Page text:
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I was wondering that why websites don't use keyboard shortcuts as often as desktop software tends to.

I really like keyboard shortcuts in software, they makes me work more efficiently. But why don't most websites offer shortcuts?

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4 Answers 4

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Apart from coding challenges, One big reason is that keyboard shortcuts become useful in software that you regularly use and return to. You can learn and use the shortcuts over time. Therefore saving effort.

One thing I find when testing websites and software is that experts use shortcuts, the average person finds their way by navigating menus, buttons and controls on screen.

The law of averages might say that you are much less likely to use a website in the same way. For each site you visit you may need to learn new shortcuts. The effort may be larger than the payoff in many cases.

For websites that you might visit on a much more regular basis or are much more app-like (e.g. News sites, mail, calendars etc) I'd propose that the number using shortcuts would be higher (though still not saturated).

What shortcuts do you use most often in software? Is it cut, paste, save? How ofter do you do this on the websites you visit?

A large amount of sites consider keyboard control in some small way when making them conform to accessibility standards.

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But maybe it's lack of standards. If most websites have some common shortcuts people can be used to it. – LiJung Aug 10 '12 at 8:53
What function would you keyboard shortcut to? – Jay Aug 10 '12 at 8:54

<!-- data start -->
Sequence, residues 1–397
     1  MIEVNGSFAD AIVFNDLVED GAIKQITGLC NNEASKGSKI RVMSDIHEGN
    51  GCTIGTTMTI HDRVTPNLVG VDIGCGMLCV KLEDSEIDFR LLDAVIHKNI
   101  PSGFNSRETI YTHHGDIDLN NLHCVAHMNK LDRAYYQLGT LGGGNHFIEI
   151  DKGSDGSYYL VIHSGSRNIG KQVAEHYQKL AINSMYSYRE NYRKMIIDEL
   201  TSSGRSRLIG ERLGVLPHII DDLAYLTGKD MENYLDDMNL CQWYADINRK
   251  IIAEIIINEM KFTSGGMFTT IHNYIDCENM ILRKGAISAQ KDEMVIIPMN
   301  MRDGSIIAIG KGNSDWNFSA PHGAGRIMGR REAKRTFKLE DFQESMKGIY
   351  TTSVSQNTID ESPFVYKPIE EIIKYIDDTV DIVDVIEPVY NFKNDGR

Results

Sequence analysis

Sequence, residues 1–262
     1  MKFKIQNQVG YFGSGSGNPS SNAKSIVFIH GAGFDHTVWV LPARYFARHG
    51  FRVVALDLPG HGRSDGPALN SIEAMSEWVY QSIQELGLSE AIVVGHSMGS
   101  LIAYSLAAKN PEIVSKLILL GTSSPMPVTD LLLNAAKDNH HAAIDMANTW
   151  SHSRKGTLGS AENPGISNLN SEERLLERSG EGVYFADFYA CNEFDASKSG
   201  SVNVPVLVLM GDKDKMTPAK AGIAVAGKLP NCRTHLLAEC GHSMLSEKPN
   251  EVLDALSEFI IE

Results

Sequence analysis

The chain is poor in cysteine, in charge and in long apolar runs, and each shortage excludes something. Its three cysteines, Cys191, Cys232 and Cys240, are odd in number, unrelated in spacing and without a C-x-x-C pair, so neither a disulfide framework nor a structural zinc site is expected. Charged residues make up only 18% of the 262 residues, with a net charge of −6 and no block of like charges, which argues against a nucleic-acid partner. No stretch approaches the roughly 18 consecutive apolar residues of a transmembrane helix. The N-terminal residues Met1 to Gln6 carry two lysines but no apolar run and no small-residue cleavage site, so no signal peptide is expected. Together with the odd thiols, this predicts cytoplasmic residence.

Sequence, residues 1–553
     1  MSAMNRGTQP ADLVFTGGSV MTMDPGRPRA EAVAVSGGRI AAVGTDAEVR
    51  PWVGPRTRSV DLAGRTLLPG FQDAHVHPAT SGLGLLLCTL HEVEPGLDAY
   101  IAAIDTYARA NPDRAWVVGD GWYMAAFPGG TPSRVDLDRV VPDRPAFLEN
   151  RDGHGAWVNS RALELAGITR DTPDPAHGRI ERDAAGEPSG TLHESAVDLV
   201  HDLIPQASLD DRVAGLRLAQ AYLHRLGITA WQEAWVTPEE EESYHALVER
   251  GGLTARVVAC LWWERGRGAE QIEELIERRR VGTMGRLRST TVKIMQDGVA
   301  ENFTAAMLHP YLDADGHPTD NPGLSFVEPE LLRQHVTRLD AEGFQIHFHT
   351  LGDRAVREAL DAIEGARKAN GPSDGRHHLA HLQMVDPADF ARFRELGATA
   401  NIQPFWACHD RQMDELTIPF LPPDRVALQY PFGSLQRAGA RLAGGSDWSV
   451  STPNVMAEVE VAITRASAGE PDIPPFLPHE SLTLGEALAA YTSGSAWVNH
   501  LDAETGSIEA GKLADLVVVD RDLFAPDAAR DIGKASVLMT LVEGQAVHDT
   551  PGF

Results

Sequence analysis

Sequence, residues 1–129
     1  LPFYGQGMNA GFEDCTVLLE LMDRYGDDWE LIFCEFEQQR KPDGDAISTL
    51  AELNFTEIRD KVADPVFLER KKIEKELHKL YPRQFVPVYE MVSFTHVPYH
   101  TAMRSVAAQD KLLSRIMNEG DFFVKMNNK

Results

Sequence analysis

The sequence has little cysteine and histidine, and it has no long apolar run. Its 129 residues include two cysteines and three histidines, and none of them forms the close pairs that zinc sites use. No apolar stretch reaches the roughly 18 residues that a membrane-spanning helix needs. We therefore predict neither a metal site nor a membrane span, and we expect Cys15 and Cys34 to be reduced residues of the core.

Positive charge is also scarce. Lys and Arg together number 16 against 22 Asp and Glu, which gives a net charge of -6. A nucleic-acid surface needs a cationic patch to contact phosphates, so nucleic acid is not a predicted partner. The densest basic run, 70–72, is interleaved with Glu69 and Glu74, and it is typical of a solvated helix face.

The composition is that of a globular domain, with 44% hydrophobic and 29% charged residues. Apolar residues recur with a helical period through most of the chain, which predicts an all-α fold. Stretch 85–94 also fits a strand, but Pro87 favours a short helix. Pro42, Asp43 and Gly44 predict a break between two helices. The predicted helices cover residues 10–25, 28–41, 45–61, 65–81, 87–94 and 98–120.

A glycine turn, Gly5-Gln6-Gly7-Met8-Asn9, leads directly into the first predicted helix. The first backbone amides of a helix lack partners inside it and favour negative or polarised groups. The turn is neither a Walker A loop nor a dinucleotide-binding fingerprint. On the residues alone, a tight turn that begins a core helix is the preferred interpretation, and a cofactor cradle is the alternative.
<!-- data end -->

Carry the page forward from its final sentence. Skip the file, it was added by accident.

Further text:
Go to my profile?? Go to home page?? navigators?? it could be helpful sometimes. When people go to unfamiliar websites. – LiJung Aug 10 '12 at 8:59

Programmers are lazy.

Also, clicks on a website can be hierarchically structured, you can always assign a click or mouseover to a given element. However, keyboard is global to the document, except for when you are inside a textarea or input field. Programmers love this "except for" part.

Sometimes you would think it would be sane to have the exception, like, when you open a custom-implemented combobox or rollover menu, but in fact, you have the global handler only, so you have to hand-code context into your own code, and this could get really complex quickly.

There are cross-platform and cross-browser issues as well, you can't do everything, and sometimes you can't intercept events (like, copy-paste) easily or ever, therefore you can't customize those behaviours,

That is a tedious task and most programmers assume that since they gave no hints on how to use it with keyboards and there is no standard way of doing it in web applications (except what the browsers handle natively and you can't modify that), people just won't use it, and since there is no standard way, and no hints, they're right with that: most people don't expect websites to work with keyboard shortcuts.

That said, some more intensive and newer applications like gmail or 9gag do work with keyboard shortcuts. On 9gag, people are encouraged to use it, sometimes in a rather disrupting way (Y U NO USE KEYBOARD?)

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I completely disagree with your answer. Developers will be under time constraints when building a site, and typically this time will not include the time required to create keyboard shortcuts. – Sam May 31 '13 at 12:46